The context is using digitally signed webservices (with XML-DSIG for example) for e-government interoperability between databases.
The idea is to give endorsement to both the data publisher and the data consumer: the data publisher receives signed requests, which ensure the consumer identity, the authenticity of the request, and forbid the repudiation. The same occurs with the response received by the data consumer.
The problem is: who is signing the webservice, and with which legal value? In my country, only "natural" persons are given legal value when digitally signing, and under the principle of being able to read the document before signing it. But obviously a "natural" person isn't able to process and sign every request, so this person has to delegate the signing to the server, with the risk of identity theft it implies.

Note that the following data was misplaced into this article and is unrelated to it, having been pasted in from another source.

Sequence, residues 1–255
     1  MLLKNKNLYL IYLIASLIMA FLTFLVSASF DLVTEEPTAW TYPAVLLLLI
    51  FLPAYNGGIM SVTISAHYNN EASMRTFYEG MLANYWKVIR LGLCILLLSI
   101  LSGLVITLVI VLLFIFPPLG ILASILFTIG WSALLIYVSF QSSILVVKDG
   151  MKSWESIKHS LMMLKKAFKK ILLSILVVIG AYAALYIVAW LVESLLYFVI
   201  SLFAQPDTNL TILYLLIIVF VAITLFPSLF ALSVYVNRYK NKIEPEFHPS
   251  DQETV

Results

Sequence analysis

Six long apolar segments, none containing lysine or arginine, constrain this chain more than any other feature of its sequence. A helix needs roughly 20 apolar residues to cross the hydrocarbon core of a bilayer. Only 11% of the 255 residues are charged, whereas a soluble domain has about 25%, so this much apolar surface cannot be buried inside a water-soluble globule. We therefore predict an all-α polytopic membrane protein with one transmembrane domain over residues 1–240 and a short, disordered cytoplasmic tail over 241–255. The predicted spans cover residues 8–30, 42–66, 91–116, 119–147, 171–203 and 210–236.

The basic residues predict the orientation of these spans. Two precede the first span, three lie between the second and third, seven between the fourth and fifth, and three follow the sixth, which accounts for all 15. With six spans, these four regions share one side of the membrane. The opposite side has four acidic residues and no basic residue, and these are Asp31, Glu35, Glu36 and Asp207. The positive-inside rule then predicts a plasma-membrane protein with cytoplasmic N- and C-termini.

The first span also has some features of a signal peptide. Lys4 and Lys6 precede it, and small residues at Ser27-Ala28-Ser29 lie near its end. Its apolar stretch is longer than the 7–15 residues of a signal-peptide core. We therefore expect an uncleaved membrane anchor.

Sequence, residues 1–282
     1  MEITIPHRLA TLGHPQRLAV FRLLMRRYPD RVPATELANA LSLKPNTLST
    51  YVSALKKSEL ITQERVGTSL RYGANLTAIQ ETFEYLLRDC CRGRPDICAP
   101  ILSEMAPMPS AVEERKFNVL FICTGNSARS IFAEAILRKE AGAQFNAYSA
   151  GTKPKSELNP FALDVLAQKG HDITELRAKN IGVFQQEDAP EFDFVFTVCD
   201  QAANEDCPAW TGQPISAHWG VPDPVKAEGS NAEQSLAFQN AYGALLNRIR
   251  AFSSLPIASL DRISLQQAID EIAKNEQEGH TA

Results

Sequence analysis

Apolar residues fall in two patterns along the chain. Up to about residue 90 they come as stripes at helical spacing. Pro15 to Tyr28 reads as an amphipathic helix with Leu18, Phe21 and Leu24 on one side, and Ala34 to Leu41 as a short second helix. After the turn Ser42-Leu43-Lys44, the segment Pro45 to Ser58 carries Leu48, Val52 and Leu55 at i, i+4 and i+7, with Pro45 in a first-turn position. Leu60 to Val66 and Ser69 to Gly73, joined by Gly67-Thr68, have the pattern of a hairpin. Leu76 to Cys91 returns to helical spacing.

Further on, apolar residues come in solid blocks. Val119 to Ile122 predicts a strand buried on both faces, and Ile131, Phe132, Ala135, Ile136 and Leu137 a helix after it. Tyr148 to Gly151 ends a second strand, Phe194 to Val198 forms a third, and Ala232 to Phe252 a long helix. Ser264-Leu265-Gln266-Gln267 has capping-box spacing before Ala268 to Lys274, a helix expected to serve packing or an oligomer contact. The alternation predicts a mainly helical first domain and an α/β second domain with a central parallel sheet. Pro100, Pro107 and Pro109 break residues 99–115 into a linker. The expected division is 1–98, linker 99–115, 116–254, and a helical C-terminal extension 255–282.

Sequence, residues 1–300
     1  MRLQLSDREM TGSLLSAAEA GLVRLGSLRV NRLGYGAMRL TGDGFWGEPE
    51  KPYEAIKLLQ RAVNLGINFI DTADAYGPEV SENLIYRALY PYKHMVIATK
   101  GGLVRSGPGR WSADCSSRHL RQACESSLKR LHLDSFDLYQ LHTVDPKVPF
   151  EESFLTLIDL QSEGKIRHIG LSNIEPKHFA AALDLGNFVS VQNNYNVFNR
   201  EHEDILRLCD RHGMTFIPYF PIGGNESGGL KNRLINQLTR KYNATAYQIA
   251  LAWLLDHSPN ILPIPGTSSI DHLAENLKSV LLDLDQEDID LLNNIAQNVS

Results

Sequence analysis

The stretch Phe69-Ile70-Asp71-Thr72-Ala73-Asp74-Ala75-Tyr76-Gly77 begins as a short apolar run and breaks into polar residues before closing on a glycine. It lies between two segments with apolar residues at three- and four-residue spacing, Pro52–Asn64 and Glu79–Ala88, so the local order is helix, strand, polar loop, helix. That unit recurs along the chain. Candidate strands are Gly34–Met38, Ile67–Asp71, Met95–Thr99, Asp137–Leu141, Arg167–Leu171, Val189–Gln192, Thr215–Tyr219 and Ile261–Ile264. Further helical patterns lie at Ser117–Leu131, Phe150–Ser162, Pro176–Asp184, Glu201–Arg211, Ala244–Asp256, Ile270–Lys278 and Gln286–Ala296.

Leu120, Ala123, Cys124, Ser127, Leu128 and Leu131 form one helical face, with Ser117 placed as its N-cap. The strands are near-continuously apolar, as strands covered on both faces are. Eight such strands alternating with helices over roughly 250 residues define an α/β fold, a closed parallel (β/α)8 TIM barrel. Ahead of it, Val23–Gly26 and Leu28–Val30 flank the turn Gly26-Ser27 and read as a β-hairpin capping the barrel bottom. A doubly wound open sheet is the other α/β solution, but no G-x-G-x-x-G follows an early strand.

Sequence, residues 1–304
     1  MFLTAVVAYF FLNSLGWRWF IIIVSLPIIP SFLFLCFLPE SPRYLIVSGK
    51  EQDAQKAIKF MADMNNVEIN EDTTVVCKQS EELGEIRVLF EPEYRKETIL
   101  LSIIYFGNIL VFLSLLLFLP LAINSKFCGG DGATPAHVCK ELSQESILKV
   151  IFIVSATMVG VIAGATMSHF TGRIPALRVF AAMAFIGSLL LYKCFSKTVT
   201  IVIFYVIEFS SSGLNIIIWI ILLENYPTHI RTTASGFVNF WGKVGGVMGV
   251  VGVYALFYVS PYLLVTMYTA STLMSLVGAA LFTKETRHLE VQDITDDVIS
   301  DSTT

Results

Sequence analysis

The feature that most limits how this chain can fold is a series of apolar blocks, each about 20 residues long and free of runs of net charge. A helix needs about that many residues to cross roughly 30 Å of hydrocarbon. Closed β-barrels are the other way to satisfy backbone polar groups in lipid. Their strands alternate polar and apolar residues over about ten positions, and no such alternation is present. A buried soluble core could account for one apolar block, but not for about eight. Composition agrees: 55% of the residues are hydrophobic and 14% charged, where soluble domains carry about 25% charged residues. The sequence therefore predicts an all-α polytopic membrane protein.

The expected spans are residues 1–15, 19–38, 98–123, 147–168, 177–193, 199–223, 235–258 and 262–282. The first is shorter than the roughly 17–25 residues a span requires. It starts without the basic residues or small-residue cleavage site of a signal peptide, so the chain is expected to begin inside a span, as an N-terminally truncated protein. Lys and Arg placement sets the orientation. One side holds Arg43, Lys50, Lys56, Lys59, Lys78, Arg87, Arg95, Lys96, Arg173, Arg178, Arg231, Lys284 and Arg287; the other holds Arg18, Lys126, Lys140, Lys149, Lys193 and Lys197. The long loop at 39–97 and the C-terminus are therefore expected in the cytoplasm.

In this context, do you think this digital signature may be allowed legal value? Do you think any government responsible will accept delegate his digital signature to a server? And the most important: which alternative scheme do you recommend?